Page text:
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Math Help - Inverse of sinx with arcsinx?

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    Inverse of sinx with arcsinx?

    I don't even understand the wording of this. Also arcSINx?

    Denote by y=arcsinx, -1< or = x < or = 1, the inverse of y=sinx with x between -pi/2 and pi/2. Show that

    d/dx arcsinx = 1/sqrt(1-x^2) with x between -1 and 1
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    Hello,

    Quote Originally Posted by SportfreundeKeaneKent View Post
    I don't even understand the wording of this. Also arcSINx?

    Denote by y=arcsinx, -1< or = x < or = 1, the inverse of y=sinx with x between -pi/2 and pi/2. Show that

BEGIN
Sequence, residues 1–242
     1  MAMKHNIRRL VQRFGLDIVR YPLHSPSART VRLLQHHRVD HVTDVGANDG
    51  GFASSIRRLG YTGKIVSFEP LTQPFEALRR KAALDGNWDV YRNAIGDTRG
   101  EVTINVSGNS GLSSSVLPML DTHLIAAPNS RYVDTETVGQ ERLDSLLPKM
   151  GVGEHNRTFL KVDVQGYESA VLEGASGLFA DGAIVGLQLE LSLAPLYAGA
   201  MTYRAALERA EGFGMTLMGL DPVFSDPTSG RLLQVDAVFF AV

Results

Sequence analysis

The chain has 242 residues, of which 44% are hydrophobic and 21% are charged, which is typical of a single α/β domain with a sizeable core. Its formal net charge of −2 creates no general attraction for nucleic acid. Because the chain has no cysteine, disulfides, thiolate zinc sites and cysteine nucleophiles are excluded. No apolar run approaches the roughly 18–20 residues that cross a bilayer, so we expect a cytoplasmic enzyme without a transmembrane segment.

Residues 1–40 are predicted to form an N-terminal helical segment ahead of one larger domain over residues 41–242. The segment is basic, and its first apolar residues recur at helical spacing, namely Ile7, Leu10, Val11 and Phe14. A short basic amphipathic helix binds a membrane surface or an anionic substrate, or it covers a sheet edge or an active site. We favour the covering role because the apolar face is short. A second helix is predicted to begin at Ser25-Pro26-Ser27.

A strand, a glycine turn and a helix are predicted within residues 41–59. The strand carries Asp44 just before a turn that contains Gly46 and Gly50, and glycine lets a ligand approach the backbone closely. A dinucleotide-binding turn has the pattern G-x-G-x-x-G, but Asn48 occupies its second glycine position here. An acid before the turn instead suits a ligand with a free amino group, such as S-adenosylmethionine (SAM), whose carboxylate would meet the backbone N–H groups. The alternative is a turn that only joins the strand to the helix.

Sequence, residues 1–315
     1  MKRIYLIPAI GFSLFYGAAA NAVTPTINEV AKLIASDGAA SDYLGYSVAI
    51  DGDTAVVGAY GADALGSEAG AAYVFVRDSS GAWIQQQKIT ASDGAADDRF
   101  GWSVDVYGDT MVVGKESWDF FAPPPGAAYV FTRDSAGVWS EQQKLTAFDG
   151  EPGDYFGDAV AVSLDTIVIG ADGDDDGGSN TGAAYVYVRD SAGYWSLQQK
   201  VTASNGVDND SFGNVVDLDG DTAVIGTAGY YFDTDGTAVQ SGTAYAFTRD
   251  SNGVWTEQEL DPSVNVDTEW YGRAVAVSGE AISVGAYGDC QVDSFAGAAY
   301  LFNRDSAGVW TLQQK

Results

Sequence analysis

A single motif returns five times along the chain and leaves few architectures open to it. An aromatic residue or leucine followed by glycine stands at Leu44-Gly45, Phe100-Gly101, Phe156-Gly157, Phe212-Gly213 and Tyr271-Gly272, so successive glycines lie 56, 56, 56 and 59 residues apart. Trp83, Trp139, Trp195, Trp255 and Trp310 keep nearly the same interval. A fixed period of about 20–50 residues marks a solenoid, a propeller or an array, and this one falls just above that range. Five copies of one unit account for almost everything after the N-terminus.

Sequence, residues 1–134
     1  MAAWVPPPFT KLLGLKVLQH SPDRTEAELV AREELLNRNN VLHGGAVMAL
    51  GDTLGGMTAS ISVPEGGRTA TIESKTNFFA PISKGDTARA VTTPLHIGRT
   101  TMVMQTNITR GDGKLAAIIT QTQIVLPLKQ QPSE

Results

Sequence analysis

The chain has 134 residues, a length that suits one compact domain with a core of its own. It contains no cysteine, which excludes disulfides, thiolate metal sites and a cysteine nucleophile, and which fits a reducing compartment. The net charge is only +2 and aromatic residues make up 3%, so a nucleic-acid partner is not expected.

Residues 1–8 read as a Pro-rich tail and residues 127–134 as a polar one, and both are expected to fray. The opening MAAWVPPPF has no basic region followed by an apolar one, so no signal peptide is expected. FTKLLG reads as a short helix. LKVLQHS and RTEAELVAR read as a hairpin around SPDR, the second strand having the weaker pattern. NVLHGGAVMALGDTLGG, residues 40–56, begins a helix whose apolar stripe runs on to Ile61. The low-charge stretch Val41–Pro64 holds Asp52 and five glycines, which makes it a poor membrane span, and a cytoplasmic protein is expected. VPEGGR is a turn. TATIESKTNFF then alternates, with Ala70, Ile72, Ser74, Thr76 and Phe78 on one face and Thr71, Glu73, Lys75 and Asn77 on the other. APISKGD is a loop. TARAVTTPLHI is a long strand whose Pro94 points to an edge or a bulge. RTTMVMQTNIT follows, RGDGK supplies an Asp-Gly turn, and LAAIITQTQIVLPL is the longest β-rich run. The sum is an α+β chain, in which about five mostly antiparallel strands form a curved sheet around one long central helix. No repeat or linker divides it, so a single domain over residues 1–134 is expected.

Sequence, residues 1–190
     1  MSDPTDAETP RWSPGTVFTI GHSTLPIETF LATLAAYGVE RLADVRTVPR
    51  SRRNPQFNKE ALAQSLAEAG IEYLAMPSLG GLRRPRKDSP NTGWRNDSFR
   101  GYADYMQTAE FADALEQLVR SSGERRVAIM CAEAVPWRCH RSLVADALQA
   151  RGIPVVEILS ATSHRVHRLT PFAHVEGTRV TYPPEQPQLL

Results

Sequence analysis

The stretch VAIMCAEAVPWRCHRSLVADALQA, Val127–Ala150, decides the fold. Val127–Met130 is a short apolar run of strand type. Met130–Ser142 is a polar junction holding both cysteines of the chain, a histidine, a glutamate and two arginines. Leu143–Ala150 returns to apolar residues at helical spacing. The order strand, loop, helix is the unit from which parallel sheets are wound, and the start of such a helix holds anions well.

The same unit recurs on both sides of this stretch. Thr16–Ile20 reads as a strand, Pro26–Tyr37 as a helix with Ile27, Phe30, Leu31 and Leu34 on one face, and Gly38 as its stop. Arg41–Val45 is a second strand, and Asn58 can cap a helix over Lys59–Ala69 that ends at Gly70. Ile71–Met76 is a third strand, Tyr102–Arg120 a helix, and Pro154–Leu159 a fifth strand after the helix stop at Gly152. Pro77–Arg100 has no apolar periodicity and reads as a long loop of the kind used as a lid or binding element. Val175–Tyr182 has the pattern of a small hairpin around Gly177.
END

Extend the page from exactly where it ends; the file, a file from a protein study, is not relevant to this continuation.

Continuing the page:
d/dx arcsinx = 1/sqrt(1-x^2) with x between -1 and 1
    arcsin x denotes the inverse function, as stated above.

    This means :

    y=\arcsin x \Longleftrightarrow x=\sin y.


    You want \frac{dy}{dx}.

    I'll do it the other way round :

    \frac{dx}{dy}=\frac{d}{dy}(\sin y)=\cos y=\pm \sqrt{1-\sin^2 y}

    Here, \cos y={\color{red}+}\sqrt{1-\sin^2 y}, because -pi/2<=y<=pi/2 --> cos y is positive.


    \frac{dx}{dy}=\sqrt{1-\sin^2y}=\sqrt{1-x^2}, because x=\sin y.


    Therefore \frac{d}{dx} \arcsin x=\frac{dy}{dx}=\frac{1}{\sqrt{1-x^2}}


    Any question ?
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